Entertain With Tapas! Spain's Small Plates Are Tiny Treasures
Spanish tapas are natural-born party plates! Small plates of tantalizing bites -- assorted snacks and nibbles -- typically enjoyed over a drink with friends, sometimes as a leisurely first course, or even in place of a main meal.
These small bites are perfect for entertaining. To create your own tapas party, try a variety of tastes and textures: salty, savory dishes, warm and chilled foods, and an assortment of crisp, chewy and soft, succulent textures. You can't go wrong with a simple, colorful array of marinated olives, marinated red peppers, and traditional Marcona almonds. Cheese, bread, and seafood -- sardines, anchovies, tuna, cod -- are also classic tapas dishes. They're also supremely simple to prepare!
Tapas are always a smart choice for entertaining. For one thing, you can make many of these dishes ahead of time and serve them chilled or at room temperature.
"Living in Spain I have come across a literal plethora of tapas," says La Cocina de Redondita. "This is a light, healthy tapa that goes best with crisp white wines and crunchy bread. This recipe is great for experimenting with a variety of different vegetables, spices, and vinegars."
"Unlike most omelets, a Spanish tortilla is served at room temperature," says sjmoraes. "It is the classic tapa, prepared all over Spain."
Spanish sheep's milk cheeses, like Manchego, are often served with dried fig cake or Membrillo, a thickened, sliceable quince jelly. Serve breadsticks (picos) or crackers. Lavosh -- a crisp flatbread -- is Armenian, not Spanish, but it is a perfect accompaniment on your tapas table.
"Spanish potato salad is an important dish in Spain's culinary history," says lutzflcat. "There are many versions, and this is the way we like ours. Goes so well with so many things! This is good served warm or at room temperature."
"This is an easy gourmet appetizer," says Anne. "I've brought this to several parties and it is always a hit! I often add some chopped green olives to the olive mixture and a little more balsamic. Goat cheese may also be used in place of the cream cheese. Serve with slices of French bread or crackers."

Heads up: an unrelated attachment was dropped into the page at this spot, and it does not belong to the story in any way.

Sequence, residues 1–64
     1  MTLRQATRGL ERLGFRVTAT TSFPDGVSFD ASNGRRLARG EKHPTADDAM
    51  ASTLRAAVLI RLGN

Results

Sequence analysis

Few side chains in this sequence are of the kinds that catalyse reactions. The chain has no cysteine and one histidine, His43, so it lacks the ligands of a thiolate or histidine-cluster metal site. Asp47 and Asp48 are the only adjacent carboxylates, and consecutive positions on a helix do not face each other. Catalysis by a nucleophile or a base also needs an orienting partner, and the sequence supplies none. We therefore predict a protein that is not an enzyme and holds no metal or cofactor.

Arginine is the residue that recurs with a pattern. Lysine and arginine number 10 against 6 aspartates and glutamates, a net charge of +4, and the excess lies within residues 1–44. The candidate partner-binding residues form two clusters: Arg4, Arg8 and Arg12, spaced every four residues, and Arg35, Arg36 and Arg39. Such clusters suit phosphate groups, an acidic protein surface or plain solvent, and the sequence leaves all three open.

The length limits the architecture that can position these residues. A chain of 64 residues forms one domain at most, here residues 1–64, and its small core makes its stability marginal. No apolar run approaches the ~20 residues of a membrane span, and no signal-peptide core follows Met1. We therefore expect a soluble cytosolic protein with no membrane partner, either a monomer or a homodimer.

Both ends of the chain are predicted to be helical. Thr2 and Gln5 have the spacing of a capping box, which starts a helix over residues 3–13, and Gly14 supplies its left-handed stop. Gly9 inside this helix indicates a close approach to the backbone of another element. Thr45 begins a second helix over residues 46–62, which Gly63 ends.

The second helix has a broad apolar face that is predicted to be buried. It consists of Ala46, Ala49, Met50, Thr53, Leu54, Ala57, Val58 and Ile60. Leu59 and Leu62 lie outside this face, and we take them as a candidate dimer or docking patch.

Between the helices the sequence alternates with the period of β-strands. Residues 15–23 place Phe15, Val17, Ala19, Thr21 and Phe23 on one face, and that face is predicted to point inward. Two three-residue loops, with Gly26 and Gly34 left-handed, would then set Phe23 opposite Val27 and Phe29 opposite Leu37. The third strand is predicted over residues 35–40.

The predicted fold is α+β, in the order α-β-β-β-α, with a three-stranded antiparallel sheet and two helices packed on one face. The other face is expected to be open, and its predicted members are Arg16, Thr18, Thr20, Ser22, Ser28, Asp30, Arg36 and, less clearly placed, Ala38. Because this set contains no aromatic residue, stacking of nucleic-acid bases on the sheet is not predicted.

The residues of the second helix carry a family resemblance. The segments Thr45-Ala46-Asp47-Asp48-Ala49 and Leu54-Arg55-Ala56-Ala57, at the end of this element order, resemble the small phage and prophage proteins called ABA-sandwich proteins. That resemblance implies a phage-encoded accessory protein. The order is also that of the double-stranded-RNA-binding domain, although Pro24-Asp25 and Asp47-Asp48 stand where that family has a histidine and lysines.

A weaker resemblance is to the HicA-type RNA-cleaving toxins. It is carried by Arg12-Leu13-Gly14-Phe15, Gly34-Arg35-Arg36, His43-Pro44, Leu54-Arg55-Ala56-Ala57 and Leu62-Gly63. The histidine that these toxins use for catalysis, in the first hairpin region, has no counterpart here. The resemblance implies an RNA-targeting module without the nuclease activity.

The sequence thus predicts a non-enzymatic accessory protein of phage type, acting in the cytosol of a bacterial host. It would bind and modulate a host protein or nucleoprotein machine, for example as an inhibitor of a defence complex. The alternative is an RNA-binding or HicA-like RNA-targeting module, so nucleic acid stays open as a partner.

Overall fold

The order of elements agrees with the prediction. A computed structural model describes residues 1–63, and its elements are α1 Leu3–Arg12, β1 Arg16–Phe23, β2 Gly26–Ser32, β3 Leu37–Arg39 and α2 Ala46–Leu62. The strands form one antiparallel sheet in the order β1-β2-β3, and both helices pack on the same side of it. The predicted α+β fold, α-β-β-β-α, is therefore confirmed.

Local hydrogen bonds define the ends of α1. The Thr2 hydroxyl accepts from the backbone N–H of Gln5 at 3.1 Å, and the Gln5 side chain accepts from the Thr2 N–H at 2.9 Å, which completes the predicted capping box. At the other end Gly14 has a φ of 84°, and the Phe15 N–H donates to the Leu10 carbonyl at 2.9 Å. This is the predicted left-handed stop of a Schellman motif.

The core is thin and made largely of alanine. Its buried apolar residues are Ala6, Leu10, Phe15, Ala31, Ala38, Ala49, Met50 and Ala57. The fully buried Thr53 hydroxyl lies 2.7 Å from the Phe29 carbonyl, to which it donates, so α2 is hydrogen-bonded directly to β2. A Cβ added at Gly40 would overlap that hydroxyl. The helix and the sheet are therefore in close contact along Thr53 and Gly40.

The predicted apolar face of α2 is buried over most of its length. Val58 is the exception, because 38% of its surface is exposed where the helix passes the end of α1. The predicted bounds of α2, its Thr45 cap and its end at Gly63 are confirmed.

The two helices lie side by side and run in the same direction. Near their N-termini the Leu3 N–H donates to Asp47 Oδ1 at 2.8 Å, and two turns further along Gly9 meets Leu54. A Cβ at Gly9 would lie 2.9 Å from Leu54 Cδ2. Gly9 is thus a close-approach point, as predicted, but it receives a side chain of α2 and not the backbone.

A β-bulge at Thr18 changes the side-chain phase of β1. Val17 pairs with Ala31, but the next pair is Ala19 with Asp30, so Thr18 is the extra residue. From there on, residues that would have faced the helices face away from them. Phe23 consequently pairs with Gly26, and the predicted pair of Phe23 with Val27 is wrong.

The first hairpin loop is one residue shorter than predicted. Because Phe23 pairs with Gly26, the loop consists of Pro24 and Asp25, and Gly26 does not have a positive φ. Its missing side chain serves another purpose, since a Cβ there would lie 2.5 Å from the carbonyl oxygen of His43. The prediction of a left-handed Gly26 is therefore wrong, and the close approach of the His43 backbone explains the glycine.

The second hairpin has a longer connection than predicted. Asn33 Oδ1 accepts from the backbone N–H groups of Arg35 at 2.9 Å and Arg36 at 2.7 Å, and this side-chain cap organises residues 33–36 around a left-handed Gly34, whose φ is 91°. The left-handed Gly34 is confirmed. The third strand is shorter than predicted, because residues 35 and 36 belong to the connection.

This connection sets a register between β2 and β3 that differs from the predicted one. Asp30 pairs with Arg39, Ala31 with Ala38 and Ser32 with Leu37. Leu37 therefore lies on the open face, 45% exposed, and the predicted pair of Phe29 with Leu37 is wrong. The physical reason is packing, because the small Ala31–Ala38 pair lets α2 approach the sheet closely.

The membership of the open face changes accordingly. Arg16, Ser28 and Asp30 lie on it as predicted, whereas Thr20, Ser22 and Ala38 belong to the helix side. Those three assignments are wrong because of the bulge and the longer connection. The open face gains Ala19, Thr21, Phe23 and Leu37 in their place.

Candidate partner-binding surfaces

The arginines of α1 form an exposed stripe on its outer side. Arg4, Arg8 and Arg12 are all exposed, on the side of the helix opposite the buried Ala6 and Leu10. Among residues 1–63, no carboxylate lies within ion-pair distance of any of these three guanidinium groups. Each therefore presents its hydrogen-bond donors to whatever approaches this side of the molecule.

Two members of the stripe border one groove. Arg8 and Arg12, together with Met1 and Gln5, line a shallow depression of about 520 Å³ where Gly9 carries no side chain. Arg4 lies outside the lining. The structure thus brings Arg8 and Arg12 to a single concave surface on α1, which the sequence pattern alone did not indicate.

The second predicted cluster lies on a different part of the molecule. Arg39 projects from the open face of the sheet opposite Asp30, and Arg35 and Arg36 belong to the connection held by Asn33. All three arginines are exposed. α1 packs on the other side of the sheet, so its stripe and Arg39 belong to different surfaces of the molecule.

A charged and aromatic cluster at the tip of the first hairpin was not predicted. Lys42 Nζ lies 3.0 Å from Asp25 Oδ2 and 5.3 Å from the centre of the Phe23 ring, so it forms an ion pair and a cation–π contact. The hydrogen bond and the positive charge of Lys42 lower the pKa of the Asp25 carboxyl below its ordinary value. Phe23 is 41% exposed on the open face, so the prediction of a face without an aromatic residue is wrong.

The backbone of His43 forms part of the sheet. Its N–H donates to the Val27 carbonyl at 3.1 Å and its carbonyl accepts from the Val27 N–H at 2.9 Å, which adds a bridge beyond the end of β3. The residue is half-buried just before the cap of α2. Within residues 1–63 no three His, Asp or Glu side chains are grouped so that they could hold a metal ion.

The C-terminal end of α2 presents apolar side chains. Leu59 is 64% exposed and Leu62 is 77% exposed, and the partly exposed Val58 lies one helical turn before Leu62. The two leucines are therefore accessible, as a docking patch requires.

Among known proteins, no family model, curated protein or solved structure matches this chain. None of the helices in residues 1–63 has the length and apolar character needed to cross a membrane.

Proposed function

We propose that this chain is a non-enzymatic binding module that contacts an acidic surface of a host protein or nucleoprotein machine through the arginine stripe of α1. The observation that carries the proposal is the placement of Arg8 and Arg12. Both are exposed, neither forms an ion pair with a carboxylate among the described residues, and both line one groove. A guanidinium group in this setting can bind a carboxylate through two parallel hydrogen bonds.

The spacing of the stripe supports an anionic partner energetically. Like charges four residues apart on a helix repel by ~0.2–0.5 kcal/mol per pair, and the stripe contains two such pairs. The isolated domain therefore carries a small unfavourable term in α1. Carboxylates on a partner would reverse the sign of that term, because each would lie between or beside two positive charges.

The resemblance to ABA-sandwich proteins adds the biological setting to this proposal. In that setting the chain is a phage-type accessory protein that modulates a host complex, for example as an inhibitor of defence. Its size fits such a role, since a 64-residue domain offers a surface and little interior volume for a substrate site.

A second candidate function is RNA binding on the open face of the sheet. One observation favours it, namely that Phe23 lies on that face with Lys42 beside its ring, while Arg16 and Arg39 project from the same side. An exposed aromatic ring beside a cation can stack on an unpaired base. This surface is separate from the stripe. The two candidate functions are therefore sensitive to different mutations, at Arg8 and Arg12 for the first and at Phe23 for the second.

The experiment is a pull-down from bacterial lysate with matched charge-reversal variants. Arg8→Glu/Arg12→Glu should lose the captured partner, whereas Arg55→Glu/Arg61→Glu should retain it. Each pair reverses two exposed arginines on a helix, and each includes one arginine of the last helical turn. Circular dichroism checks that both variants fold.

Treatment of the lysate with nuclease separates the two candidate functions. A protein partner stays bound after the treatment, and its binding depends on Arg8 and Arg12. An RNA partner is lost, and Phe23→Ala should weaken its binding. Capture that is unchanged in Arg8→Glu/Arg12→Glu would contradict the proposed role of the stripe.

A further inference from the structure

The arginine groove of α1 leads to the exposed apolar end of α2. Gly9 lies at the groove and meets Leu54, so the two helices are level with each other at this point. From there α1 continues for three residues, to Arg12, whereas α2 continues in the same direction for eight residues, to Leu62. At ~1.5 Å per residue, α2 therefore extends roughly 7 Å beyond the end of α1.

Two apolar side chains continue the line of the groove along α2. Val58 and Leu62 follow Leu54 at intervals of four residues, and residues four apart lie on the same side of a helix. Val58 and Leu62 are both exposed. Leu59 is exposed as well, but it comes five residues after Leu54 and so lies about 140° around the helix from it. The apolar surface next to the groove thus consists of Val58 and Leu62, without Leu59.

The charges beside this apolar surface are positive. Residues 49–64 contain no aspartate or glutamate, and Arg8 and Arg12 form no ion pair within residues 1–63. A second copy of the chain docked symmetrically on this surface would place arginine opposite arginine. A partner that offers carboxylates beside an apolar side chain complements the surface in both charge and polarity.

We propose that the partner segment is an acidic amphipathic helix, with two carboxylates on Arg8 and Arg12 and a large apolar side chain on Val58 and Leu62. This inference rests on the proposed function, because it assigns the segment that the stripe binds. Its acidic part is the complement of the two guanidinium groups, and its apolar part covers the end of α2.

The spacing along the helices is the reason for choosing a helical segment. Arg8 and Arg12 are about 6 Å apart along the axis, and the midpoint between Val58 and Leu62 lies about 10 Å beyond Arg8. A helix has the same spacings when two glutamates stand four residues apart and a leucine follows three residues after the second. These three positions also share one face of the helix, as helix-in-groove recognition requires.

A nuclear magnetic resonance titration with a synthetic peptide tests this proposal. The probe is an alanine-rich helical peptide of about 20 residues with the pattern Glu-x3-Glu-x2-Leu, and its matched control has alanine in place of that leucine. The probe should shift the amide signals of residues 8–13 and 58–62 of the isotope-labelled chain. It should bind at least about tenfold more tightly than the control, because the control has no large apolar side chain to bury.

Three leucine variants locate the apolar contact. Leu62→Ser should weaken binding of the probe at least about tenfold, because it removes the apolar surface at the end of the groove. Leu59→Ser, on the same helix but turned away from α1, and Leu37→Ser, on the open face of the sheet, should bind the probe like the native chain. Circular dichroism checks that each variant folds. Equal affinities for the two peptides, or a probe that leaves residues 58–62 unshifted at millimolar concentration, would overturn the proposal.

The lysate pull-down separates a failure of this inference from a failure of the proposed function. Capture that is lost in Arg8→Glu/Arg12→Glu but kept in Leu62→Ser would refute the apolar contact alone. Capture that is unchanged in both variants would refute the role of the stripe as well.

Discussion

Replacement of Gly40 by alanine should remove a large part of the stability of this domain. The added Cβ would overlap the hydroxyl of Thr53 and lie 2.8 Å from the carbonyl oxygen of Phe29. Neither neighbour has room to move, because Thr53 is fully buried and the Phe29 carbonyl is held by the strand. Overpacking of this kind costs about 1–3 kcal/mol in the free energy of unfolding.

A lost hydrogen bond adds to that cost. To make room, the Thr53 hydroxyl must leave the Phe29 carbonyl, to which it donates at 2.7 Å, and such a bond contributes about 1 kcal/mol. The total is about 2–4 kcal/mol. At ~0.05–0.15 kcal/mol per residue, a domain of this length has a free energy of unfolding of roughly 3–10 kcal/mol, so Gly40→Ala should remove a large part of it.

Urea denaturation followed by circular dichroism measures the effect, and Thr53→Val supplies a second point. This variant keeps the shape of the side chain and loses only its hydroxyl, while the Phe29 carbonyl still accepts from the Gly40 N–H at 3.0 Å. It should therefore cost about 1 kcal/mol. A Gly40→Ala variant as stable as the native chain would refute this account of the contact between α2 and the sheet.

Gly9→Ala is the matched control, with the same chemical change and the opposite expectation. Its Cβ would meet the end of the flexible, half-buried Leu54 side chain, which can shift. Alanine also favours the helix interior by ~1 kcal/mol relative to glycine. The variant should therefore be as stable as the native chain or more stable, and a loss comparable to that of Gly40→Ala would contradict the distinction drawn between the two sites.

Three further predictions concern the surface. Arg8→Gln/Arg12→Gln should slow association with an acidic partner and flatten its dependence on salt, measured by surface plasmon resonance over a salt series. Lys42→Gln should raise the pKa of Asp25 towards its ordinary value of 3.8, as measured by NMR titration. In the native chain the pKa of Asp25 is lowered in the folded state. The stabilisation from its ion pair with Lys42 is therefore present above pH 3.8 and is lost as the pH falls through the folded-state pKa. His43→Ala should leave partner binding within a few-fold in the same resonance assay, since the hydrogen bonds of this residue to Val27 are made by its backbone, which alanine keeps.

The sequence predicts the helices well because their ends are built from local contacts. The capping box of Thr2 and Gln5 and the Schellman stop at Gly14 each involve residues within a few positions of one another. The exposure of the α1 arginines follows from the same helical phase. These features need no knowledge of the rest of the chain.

"This recipe is inspired by Woolgrowers Restaurant in Bakersfield, California," says MARILYN PERZIK. "Among the many appetizers they give, there is one that is very much like this salad which is handy to have in the refrigerator. It is very good and close to my inspiration."
"This is a cold garlicky soup," says DAY-STAR. "In fact, it is never cooked at all! In Spain they use fresh almonds, just out of their shells, so the taste will be different than the soup you had in Spain unless, of course, you have access to fresh almonds. You can also substitute melon for the green grapes."
Once your guests have awakened their appetites, bring on the hot stuff.
"Every Spanish restaurant serves this dish of shrimp cloaked in garlic-infused olive oil with smoky hints of paprika and a touch of sweetness from sherry," says Chef John. "Make sure you have all your ingredients together before you head to the stove since, start to finish, this cooks in mere minutes. It's great for a tapas party, since you can prep everything ahead of time. Just spoon the shrimp and sauce over toasted bread and sprinkle more cayenne and parsley on top to enjoy."
"I had this at a tapas bar in Spain way back and was able to figure out how to mimic it," says DC Girly Girl. "It's an easy way to clean out the fridge and pantry. And, perfect for a low carb diet. I was introduced to this as a tapa. But you could always pair it with a salad or other veggie side dish for dinner."
"These things are the best beer food ever," says Chef John. "They're almost too easy to make."
For a big finish to your small plates extravaganza, break out custard cups of Spanish Flan -- or any of these sweet treats.
Caramelized sugar, milk, and eggs add up to a sweet and simple baked custard. "The best dessert ever invented!" raves Bobby.
Sherry is a classic wine to pair with tapas. In addition to dry sherries (Fino and Manzanilla) or medium-dry (Amontillado) sherry, serve cold pitchers of sangria and chilled Spanish or Portuguese white wine (Vinho Verde). Here's more on the different styles of sherry and their perfect food pairing partners.
Incidentally, the word tapas comes from the Spanish tapar, "to cover," which refers to the tasty nibbles (maybe a piece of toast or meat) that were laid over a glasses of sherry or other wine, as they were brought to the table.
"This is an authentic version of the popular wine drink," says Lisa. "You can add any fruit that you want, but I find that apples and pears absorb all the rum. This one is not diluted with carbonated beverages. I have much success with red Burgundy wine and white rum, though spiced rum is nice too."
"When I was living in the Basque region of Spain, this was a traditional drink served everywhere," says LORIKAE. "It is pronounced 'Cali-mot-cho' and is traditionally served over ice with a slice of lemon."
Explore our collection of tapas recipes.